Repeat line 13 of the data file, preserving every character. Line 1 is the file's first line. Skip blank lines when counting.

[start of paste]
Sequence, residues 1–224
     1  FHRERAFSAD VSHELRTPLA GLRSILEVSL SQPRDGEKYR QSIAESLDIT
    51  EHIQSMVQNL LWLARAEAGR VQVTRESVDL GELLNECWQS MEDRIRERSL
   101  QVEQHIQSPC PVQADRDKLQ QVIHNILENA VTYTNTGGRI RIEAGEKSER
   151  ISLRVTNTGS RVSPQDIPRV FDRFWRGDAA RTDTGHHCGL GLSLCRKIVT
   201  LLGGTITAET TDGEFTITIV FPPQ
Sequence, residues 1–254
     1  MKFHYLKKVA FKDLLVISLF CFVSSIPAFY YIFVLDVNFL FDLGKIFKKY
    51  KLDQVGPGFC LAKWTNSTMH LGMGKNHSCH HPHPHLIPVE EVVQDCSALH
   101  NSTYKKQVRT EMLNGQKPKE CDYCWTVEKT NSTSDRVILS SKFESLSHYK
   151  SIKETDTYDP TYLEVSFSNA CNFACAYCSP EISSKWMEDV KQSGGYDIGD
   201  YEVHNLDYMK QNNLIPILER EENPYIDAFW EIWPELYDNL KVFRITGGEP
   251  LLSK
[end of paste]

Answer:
   251  LLSK